I Know This Much to Be True
4 out of 5 dentists agree. Or so we’re told. But how often do we stop to question how this data was obtained—just who are these dentists? Although the catchphrase has managed to burrow itself into our collective psyche, the data behind this survey has never been released to the public (not that it really matters anymore, anyway).
I suggest that, above and beyond attributions of authority or group preference, the Trident slogan works because we exist in a society that demands data, equating the presence of scientific inquiry with legitimacy. We have come, since the Enlightenment, to accept Science as the structuring philosophy of our world (perhaps in lieu of Religion) and what else is data but evidence of that process? Although data is itself abstract, it represents something tangible (or at least quantifiable) for opinions were counted, preferences measured, and votes collected. We have become trained to respond to data, unaware of how statistics and “facts” can be manipulated. We have become reliant on data’s ability to simplify our world, unwittingly engaging in a trade-off that ignores nuance in favor of broad strokes; in a world rapidly becoming overwhelmingly complicated, we demand clear and readily apparent answers.
What we do not demand, however, is scientific rigor.
As a public, we do not generally care how data is obtained, only occasionally pausing to note flagrant violations in collection methods (exceptions are of course made for specific lines of inquiry but the broader point here is one of everyday experience). How often, for example, do we take the time to ask how respondents were selected for a candidate popularity survey? What types of questions were asked and what language was used to ask them? Were the questions asked in a particular order? And, again, just who are these people being asked? We not only fail to demand rigor from those who would present data, but also from ourselves as we blithely accept that the graphics on the nightly news broadcast represent “the truth.” Data tells how we are different from others but it is to our detriment that we rarely ask ourselves why.
One consequence of this lack of action is the overwhelming influence of the social sciences on Americans’ thinking (as noted in Sarah Igo’s The Averaged American), with an especially profound impact on the way that we conceptualize ourselves, particularly in relation to others. Once the practice of surveys had been generally accepted, it seemed that most anything could be measured and therefore every aspect of life, identity, and thought had a theoretical mean; the legacy of this new paradigm was (and still is) a perpetual state of unease as self-evaluation through data sets coupled with a mid-century culture already juggling paranoia, neighbors, the suburbs, and conformity.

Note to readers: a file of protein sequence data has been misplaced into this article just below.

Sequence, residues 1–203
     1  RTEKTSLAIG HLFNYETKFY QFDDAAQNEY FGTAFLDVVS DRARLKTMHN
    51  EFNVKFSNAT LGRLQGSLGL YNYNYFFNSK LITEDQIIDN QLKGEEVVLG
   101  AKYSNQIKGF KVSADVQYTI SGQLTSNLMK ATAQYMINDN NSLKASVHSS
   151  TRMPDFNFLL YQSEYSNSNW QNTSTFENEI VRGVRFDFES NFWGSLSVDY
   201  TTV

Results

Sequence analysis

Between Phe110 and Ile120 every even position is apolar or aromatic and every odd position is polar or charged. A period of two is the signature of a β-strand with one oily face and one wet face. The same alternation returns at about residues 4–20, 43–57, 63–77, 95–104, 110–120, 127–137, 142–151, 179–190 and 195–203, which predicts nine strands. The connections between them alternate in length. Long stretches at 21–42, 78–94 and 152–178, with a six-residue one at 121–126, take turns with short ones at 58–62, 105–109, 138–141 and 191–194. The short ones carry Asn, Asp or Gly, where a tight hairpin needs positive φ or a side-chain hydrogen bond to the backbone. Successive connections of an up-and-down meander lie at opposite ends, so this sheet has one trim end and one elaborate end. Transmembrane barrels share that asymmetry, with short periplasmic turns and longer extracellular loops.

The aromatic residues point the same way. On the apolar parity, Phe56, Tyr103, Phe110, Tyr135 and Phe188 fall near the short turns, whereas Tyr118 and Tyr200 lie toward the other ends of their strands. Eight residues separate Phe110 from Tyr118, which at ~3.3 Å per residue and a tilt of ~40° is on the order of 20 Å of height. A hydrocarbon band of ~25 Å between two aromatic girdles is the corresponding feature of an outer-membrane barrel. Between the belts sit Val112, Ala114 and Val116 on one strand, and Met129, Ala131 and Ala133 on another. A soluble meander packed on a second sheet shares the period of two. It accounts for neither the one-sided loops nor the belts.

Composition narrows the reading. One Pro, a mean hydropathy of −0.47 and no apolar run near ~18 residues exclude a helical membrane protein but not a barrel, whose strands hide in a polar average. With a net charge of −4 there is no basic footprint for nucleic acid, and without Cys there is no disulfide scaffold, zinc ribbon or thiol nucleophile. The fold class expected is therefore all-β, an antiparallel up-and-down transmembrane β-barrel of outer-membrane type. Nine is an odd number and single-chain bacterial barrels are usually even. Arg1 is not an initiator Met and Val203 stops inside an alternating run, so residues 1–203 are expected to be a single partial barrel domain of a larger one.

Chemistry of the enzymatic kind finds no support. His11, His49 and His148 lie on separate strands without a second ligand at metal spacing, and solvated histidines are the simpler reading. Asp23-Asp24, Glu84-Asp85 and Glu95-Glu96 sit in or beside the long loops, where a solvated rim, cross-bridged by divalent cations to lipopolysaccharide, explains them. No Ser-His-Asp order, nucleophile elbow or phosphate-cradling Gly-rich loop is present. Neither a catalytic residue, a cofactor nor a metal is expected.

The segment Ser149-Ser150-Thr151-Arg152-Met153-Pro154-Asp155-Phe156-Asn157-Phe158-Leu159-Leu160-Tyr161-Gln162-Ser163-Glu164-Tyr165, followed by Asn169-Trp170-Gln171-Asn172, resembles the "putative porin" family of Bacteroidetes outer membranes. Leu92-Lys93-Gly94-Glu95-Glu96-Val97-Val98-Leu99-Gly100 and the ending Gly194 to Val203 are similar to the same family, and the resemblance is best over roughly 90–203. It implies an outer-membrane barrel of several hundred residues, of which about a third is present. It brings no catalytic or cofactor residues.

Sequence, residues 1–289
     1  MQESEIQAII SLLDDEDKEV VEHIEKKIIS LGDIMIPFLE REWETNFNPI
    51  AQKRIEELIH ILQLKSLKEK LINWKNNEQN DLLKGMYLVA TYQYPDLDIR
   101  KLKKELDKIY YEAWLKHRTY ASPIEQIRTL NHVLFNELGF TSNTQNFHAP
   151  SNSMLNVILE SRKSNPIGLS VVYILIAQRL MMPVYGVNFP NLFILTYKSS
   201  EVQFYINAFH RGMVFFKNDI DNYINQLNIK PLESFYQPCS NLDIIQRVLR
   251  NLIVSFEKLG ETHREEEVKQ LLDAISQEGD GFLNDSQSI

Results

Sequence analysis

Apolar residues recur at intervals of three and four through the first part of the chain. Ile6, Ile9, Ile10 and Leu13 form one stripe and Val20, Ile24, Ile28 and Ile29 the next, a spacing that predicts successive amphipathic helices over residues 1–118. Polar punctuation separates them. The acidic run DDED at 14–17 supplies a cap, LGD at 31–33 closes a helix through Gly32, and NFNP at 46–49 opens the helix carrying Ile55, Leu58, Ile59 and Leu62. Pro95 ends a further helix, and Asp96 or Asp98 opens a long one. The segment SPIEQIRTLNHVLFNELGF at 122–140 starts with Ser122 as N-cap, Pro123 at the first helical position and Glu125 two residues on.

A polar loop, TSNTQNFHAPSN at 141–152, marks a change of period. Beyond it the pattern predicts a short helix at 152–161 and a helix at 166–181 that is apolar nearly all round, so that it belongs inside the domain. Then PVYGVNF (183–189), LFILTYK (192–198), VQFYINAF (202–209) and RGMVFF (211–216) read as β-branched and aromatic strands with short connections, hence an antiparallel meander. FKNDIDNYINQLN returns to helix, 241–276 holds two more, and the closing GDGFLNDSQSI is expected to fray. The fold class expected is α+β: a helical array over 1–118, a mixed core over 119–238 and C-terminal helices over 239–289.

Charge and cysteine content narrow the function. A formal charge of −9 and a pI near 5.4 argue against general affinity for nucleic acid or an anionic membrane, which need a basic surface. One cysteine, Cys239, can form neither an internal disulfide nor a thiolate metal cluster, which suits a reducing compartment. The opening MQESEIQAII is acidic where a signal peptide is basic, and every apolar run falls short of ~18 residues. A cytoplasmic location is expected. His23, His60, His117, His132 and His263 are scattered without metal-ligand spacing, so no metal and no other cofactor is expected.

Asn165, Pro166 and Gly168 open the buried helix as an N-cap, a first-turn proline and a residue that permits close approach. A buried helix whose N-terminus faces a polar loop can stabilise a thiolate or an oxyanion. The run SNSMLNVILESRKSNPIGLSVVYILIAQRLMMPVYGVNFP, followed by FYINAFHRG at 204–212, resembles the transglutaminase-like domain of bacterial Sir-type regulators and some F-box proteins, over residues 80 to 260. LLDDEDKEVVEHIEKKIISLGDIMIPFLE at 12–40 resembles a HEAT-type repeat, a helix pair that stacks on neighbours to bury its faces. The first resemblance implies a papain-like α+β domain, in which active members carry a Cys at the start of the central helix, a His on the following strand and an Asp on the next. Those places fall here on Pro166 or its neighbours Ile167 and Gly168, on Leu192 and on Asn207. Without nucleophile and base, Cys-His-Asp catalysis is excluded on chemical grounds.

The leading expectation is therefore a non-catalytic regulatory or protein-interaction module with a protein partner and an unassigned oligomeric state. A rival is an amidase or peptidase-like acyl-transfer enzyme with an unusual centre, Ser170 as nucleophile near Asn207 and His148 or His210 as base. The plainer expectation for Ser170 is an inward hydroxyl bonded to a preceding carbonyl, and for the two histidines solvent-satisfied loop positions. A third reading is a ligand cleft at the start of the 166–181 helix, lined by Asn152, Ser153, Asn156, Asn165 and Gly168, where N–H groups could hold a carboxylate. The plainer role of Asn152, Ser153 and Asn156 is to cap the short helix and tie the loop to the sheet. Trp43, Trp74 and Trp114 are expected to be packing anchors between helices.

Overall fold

And surveys, like Alfred Kinsey’s (in)famous investigation, laid bare the most private aspects of our lives even as it refocused our attention on the concept of normalcy—a shift that directed our attention toward commonalities instead of outliers. In retrospect, this change seemed somewhat natural as the intent of the surveys being conducted in the mid-20th century was to establish and define a national identity with the data collected suggesting that an “average American” was indeed a possibility. In other words, our thoughts about who we were (along with who we could/should be) came out of exposure to heretofore unseen aspects of ourselves—moving forward, our theories were shaped by our experiences as we incorporated our knowledge of data into various identities (e.g., personal, community, national).
Experiences, it might be argued, have much to do with the formulations of our theories, as exemplified by the role of the black swan (the animal, although Kinsey would undoubtedly have much to say about the recent Aronofsky offering) in Early Modern Science: once presumed to be a nonexistent creature, discovery of black swans in Australia pointed to the possibility of highly improbable outliers that caused a fundamental rethinking of prior assumptions. Prior to the discovery of black swans, an entire set of assumptions was made by philosophers/scientists grounded in the idea that swans could only ever be white; based on a lifetime of experience, people came to see the world in a particular way, which determined the types of questions the way in which they viewed the world, the types of questions they could ask, and perhaps more importantly, kept them unaware of the types of questions that could not be asked.
Experience, then, can cause investigators to develop a type of confirmation bias as they unconsciously (or consciously!) begin to collect data that confirms preexisting beliefs about how the world operates. Although the scientific method exists to shield us from this type of behavior, experience can be a difficult influence to mitigate as it ingrains in us a particular way of seeing/interacting with the world and constantly challenging stable environmental patterns would cause us much cognitive stress. To take this practice to the extreme would be unfeasible as we would be paralyzed by inaction while we analyzed the veracity of everything around us so instead I suggest that we, as a first (and smaller) step take a page from epistemology and simply begin by training ourselves to ask the question, “How is it that I know what I know?” As responsible scholars we need to be transparent about our theoretical foundations and honest with ourselves as we actively reflect on our process and our results.